In this episode I talk to Dr. Christopher J. Ferguson about research on the effects of video game violence.
Why are some games better than others at getting us to just keep playing without taking a break?
How do video games affect our health –both physical and mental– for better or worse?
The 2015 Steam Winter Sale has ditched the daily and flash deals. Here’s why I think that may be a bad idea.
I talk to Dr. C. Shawn Green from the University of Wisconsin-Madison about whether brain training programs work and if regular old action games can make you smarter –and what that really means.
How a simple choice of words can bias your choices in video games, such as what NPC factions to support.
I talk to Dr. Nick Bowman from West Virginia University about how video games differ from other media in terms of the demands they place on players and thus how our approaches to studying them should differ. It turns out that video games ARE special and something new.
In celebration of Halloween, let’s look at some of the psychology behind why people like scary video games.
“Wii U” sounds silly, but Nintendo’s consoles might be benefiting a little from what’s known as the fluency effect.
Getting Gamers: The Psychology of Video Games and Their Impact on the People Who Play Them is a book about how video games use psychology to shape our behavior, manipulate our beliefs, and rig our purchasing decisions.
How can envy can drive us to make in-game purchases and microtransactions? But also, what do we think of others who just buy things we chose to grind out? Let’s see what the research suggests.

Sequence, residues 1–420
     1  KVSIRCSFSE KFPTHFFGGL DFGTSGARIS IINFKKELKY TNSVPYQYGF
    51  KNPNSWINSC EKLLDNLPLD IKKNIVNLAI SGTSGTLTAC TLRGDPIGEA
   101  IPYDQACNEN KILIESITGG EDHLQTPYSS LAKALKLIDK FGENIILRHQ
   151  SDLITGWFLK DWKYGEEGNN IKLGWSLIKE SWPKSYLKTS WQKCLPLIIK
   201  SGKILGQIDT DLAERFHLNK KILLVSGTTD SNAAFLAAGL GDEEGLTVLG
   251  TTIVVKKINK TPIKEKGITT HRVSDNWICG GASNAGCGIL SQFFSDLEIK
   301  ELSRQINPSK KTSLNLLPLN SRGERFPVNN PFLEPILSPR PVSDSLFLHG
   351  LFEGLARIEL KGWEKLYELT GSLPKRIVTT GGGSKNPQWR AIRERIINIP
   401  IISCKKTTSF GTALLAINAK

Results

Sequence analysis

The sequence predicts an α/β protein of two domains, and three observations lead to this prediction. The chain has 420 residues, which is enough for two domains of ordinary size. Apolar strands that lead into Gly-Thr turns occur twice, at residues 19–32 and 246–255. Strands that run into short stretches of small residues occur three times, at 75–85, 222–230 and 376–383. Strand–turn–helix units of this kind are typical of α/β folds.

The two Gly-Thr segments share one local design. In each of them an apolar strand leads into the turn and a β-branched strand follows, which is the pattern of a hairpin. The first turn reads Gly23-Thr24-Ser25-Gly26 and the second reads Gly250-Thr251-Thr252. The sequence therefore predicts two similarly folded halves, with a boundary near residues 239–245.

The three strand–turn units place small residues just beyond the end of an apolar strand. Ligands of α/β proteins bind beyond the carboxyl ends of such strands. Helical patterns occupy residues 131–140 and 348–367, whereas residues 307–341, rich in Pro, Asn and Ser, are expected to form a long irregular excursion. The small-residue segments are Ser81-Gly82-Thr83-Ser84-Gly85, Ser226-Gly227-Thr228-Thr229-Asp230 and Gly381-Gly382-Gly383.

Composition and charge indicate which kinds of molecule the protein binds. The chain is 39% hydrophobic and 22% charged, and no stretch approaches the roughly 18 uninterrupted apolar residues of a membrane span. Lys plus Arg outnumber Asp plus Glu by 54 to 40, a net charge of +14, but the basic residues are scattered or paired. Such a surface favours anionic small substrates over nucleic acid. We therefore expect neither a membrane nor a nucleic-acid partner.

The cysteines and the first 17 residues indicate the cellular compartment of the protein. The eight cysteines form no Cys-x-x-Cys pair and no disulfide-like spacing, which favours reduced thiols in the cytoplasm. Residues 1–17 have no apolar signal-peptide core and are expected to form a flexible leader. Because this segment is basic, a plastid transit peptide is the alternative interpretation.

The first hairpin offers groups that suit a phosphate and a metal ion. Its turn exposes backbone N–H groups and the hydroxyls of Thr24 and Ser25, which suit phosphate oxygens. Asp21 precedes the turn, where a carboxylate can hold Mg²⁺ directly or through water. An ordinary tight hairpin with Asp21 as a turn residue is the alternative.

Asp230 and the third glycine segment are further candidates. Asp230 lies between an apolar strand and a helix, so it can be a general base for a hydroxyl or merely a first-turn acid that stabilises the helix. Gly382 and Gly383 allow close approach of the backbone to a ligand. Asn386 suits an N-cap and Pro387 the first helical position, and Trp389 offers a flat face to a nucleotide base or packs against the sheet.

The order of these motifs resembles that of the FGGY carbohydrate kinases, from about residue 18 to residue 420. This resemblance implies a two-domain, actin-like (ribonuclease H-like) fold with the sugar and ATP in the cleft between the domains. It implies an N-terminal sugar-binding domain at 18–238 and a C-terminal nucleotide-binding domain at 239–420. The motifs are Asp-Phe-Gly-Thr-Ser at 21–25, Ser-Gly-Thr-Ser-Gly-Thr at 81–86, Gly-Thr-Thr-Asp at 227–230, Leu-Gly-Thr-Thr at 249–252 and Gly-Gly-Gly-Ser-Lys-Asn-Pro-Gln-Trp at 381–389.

An old technique from film making has psychological roots that reach into the world of video games.
What’s the popular topics and state of academic research on psychology and video games? And how can academics package that information for the media and everyone else?
How do gaming Kickstarters that rely on nostalgia make use of our irrational decision-making?
If the users of games are humans, then a little psychology should help a lot in user research, right? Celia Hodent from Epic Games explains why in this episode.
How do players react and what social comparisons do they make when others pay real money for in-game advantages?
How can a little psychology make NPCs and other artificial intelligence agents in games seem more like real humans?
How the irrational way we treat “free” as a price in games can lead us astray …or keep us on track.
I talk to Dr. Jeffrey Lin about using psychology to curb toxic behavior in online games.
What do the ending of the Mass Effect series and a painful medical procedure have in common? They both illustrate how memory and evaluation of experiences interact.
I talk to Dr. Linda Kaye about psychological flow in video games, including the new topic of group flow in multiplayer gaming.
After 6 years and 151 pieces of content, I’m asking for a little support to move this whole psychology of games thing forward.
Some recent research suggests how to predict whether motion controls and other weird peripherals will lead to frustration or enjoyment.
We talk to Dr. Nick Yee about game companies’ use of big data and how he became a video game psychologist.
Get 3 free talks about psychology and video games from the 2015 Game Developer’s Conference.
3 psychological phenomena that can help determine the success (or failure) of a Kickstarter video game pitch.
I talk to Dr. Andrew Przybylski from Oxford about video game aggression, frustration, rage quitting, and motivation.
All it may take to get people to spend money in free to play games is one well placed countdown timer.
Has anyone ever done research on whether playing on the red team or the blue gives one a mental edge in games? Yep.
I have an article on the psychology behind loot, grinding, and player envy in the new issue of Edge Magazine, #276. Read more for some more details.
I’m almost done with my book, but I need your help if you’re interested in covering it for your publication, providing pre-release comments, or using it in your classroom.